Perhaps the most amazing thing about The Amazing Spider- Man is how amazing it makes Sam Raimi’s original trilogy look in comparison — including the much-derided third film, which didn’t measure up to the first two but is easily better than this rendition of the classic Marvel Comics character.
The new film, directed by Marc Webb — whose 2009 debut feature (500) Days of Summer was a modest, engaging little film — is less a reboot or a remake than a rehash. Apt though his name is for these circumstances, Webb’s handling of the material is merely competent, whereas Raimi’s was inspired.
This being an origin story, audiences are again introduced to brainy high-schooler Peter Parker (Andrew Garfield), who of course is bitten by a radioactive spider and develops super powers. There’s his burgeoning romance with classmate Gwen Stacy (Emma Stone) and his eventual battle with Dr. Curt Connors (Rhys Ifans), a scientist who crosses that oh-so-thin line between brilliance and madness when he rashly doses himself with an experimental formula that turns him into the Lizard.
The scenes of big-budget CGI spectacle pass the time easily enough, but too often the film slows when focusing on its characters, which were also better played in the earlier films. The film runs well over two hours, and didn’t need to.
Garfield comes off as glum, and Stone (even at 23) seems a little old to be playing a high-school student. She also tends to disappear for long stretches, as does Sally Field as Peter’s perennially worried Aunt May, who has almost nothing to do except fret after her husband Uncle Ben (Martin Sheen) is gunned down by a robber. Denis Leary plays it straight as Gwen’s police captain dad, Campbell Scott and Embeth Davidtz barely register as Peter’s long-departed parents, and C. Thomas Howell unexpectedly shows up as a blue-collar New Yorker who lends a much-needed hand to Your Friendly Neighborhood Spider-Man in his final clash with the Lizard. Anyone care to guess who it all turns out? That’s right — toward another sequel. No surprise there, and few surprises overall. Been there, done that… and it was done better before.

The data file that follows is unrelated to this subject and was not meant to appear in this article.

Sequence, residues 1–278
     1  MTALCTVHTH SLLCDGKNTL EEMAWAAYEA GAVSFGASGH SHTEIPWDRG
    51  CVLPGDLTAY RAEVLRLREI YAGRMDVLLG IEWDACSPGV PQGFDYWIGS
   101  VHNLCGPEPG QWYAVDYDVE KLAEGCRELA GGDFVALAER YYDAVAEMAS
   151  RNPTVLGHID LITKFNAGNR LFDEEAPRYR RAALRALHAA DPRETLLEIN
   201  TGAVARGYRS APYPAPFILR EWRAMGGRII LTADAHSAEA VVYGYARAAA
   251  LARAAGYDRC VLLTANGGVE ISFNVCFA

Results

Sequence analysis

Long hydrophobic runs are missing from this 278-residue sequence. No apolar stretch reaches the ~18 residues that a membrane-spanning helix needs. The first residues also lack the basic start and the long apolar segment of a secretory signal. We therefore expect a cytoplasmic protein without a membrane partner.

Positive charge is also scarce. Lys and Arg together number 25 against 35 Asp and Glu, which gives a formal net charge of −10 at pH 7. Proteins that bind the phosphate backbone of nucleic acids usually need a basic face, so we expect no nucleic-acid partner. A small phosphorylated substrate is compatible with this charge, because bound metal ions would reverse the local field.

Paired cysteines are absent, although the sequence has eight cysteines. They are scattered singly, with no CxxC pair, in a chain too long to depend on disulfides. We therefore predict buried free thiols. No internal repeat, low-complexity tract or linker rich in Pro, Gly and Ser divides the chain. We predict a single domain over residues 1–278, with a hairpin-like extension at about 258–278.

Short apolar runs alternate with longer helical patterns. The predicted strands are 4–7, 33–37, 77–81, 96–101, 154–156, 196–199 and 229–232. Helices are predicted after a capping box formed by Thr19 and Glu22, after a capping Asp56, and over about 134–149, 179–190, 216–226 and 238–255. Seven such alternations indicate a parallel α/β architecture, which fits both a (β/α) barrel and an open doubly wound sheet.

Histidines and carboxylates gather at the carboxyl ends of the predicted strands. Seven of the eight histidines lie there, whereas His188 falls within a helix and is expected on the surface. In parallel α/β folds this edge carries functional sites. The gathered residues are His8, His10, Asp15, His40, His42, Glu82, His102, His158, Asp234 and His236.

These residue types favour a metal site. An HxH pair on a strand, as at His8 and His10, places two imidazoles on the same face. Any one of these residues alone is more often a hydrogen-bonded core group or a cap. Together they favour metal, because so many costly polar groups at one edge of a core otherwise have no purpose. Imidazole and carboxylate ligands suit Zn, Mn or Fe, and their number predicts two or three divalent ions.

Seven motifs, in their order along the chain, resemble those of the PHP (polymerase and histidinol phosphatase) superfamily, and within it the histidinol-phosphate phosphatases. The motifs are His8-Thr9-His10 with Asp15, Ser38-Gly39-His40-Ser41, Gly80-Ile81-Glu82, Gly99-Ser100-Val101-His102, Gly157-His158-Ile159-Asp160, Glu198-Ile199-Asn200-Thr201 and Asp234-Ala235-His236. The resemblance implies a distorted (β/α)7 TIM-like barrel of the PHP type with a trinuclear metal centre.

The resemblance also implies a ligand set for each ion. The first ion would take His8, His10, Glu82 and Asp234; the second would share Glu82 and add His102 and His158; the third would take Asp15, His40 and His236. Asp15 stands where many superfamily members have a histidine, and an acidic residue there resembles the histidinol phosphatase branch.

It’s impossible not to compare and contrast the “old” Spider-Man (which was released only a decade ago) and this one, given the earlier film’s success and its ready availability on homevideo. That film was a box-office smash and deserved to be.
At its best, which isn’t very often, the film never comes close to reaching the heights of its predecessors, and at its worst it almost seems as if the story is comprised of material deliberately left out of the earlier films. Most of the time, The Amazing Spider-Man plays out exactly as what it is: a manufactured money-spinner, closer to a corporate decision than a piece of entertainment.
It might be assumed that Oliver Stone would bring the same gonzo, go-for-broke attitude that he brought to Natural Born Killers (1994) and U-Turn (1998) to his latest film, the adaptation of Don Winslow’s best-seller Savages , but that assumption turns out to be invalid.
Except for a few flashes of that Stone savvy, it’s a strangely impersonal, even mechanical outing for the filmmaker, who also adapted the novel with Winslow and Shane Salerno. In the Oliver Stone canon, Savages ranks near the bottom.
Taylor Kitsch (“hot” off John Carter and Battleship) and Aaron Johnson play Chon and Ben, best friends who have cornered the marijuana market and share the spoils of their lucrative venture — including the favors of O (Blake Lively), short for Ophelia — the blonde babe who loves them both and who narrates the tale in typical film noir fashion.
When Chon and Ben reject the entreaties of Mexican drug kingpin Elena (Salma Hayek, in full Dragon Lady mode) to partake of their operation, she promptly has O abducted and held hostage so that Chon and Ben will do her bidding. This they do, while making the obligatory plans to extract O and exact revenge, in that order.
The story rambles along at a lackadaisical clip, occasionally punctuated by bursts of violence, toward the inevitable showdown between the principal parties. Despite a trick ending — not a twist ending, mind you, but a trick ending — Savages lacks immediacy and involvement throughout.
The three leads are personable without being remarkable, in roles fairly predictable for this type of film. Faring better are “guest stars” Hayek, John Travolta (thinner on top and thicker in the middle) as a corrupt DEA agent, and Benicio Del Toro, who pretty much steals the film — it’s not much of a contest — as Elena’s malevolent, mullet-haired minio, Lado.
Only when Del Toro’s onscreen does Savages come close to approximating the savagery and sizzle that the title suggests. The rest of the time, Stone’s just spinning his wheels.
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